If Clients Really Hire Lawyers… What that Means for BigLaw
A Sunday post by Adam Smith, Esq. post provides good perspective on the theme of “law factory” versus bet the farm firms.
Who’s Signing Your Paycheck? opens with an anonymous letter from a BigLaw partner to Adam Smith, Esq. asking
- “why law firms seem to be supporting the building of a “star” culture, rather than going the brand approach like the management consulting firms and the accounting firms.”
The answer is that building brands is hard:
- “A brand promises a certain consistent experience, an expectation of a particular quality level, experience of service, consistency, sameness (in the best sense), an implicit guarantee. But law firm partners are anything but designed or acculturated to delivering a ‘consistent experience’ or ‘a particular quality level.’ It seems at odds with our very essence.”
Until reading this, I had thought about the idea of law factory as applying only to types of matters or tasks on matters. Bet-the-farm firms focus on high value, unusual matters and on tasks that could not easily be routinized; law factories handle the rest. The post makes me realize that even elements of how bet-the-farm firms deliver service require consistency.
Brand consistency is simply a “service level agreement (SLA)”, though typically implicit rather than explicit. The idea of SLAs in law firms is slowly emerging but typically for staff support functions, not what lawyers do. Firms could develop an SLA that defines what clients can expect from their lawyers. Achieving a specified SLA requires consistency, which suggests that even a bet-the-farm firm needs factory-like elements to develop a meaningful brand.
Extending this thinking, we can question the whole theory of BigLaw. The absence of BigLaw brands supports the commonly heard assertion that clients don’t hire firms, they hire lawyers. If brand does not matter or is so hard to build given lawyer attitudes, then what role does the BigLaw platform really serve?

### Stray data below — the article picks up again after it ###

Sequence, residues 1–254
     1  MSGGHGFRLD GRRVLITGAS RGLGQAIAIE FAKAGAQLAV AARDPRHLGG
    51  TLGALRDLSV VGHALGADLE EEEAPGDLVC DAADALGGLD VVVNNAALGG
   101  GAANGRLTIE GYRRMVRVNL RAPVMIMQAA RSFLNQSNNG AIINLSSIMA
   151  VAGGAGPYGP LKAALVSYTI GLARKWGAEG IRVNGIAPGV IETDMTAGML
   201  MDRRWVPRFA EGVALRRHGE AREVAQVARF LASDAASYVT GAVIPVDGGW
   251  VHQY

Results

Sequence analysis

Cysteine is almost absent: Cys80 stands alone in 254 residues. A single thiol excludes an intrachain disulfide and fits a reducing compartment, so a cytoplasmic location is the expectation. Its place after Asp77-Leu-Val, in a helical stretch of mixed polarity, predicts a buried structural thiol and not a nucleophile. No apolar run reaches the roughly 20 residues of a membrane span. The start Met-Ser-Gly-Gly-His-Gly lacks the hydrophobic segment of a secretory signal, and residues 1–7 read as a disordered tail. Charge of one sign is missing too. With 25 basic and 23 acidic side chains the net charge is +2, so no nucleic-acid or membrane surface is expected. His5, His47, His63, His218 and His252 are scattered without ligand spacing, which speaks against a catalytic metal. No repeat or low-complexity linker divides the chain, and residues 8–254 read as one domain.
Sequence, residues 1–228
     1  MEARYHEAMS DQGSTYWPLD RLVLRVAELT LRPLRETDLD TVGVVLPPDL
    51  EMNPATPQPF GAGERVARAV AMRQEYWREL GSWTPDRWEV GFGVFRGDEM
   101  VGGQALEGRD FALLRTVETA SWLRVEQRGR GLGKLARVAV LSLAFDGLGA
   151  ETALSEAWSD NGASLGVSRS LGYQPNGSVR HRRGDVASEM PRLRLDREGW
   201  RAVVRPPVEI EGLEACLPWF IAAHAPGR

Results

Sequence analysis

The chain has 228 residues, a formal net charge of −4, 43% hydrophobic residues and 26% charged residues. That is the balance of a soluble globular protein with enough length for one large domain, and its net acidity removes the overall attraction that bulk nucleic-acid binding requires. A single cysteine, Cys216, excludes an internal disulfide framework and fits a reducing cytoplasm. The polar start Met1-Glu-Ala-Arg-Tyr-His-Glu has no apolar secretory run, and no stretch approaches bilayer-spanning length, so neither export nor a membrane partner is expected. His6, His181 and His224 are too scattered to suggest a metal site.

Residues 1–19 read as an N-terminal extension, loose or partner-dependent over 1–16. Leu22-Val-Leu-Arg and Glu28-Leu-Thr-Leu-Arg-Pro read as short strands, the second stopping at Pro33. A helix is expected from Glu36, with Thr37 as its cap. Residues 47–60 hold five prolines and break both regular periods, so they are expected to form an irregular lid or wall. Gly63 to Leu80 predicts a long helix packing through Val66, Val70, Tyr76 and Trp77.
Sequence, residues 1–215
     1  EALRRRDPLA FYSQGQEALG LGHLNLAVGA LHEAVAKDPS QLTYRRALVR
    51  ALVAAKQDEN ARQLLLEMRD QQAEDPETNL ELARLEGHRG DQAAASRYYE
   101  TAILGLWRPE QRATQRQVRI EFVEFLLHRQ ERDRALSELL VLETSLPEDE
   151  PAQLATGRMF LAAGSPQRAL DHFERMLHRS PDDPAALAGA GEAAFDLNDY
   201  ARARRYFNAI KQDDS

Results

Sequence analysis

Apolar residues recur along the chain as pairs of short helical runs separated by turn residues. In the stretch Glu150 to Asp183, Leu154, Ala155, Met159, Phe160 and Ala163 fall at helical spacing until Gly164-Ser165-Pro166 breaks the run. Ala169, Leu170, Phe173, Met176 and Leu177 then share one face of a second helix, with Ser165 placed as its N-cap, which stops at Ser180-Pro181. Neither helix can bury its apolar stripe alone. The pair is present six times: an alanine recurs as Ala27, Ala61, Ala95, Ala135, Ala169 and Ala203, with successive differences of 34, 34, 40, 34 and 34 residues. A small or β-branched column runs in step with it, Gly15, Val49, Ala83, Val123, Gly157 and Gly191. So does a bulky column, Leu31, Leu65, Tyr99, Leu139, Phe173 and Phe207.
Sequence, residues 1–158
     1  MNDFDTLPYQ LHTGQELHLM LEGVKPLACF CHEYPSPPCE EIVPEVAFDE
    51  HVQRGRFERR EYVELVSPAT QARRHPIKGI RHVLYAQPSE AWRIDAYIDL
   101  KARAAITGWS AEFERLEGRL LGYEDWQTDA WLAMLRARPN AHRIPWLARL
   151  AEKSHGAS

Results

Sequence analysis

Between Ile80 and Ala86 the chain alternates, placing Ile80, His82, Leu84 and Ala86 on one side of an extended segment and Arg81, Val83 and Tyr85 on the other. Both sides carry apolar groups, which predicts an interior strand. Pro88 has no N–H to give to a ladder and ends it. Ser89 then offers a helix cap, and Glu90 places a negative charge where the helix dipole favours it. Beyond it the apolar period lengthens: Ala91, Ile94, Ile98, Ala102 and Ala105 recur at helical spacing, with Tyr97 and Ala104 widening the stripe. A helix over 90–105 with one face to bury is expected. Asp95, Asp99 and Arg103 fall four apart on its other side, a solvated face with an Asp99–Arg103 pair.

Before answering, consider Rees Morrison’s post, also on Sunday. In Alternative Firm Arrangements surpass Alternative Fee Arrangements for cost control he suggests that “law departments need to change firms, not fees, to really move the needle” on costs.
Also consider Mark Hermann’s post today, Inside Straight: How De-Equitizing Partners Can Undermine A Business Model at Above the Law. He writes
- “If you’re at risk of being de-equitized, then it’s time to hedge against the risk. That means looking out for yourself, even if your self-interest doesn’t align perfectly with the institution’s best interest. When you read in the Journal about a new case, or a client contacts you about a potential big piece of business, it’s time to grab the opportunity and run. You may or may not land the business, but at least you’ve given yourself a chance. No more reporting up through the ranks, giving away the opportunity, and then being at risk that the firm will decide you’re superfluous.”
Perhaps the future will see the rock star lawyers – strong individual brands – working in small boutiques. If Morrison is right, then clients will increasingly choose such firms. If Hermann is right, there is not much glue to hold together BigLaw anway and rain-makers / super-stars will jump at the first opportunity.
So “bet the farm” lawyers might supplant bet-the-farm firms. Individuals who are the super brand rainmakers could sub-contract work to whatever ‘platform’ is most suitable for a given matter, be it a BigLaw firm, regional firm, or alternative service provider such as an LPO. All these other providers will have to run with factory efficiency and SLAs to survive.
I am not willing to put odds on this scenario but it’s intriguing. If true, those who are not superstars or already working for highly efficient organizations may need to worry.
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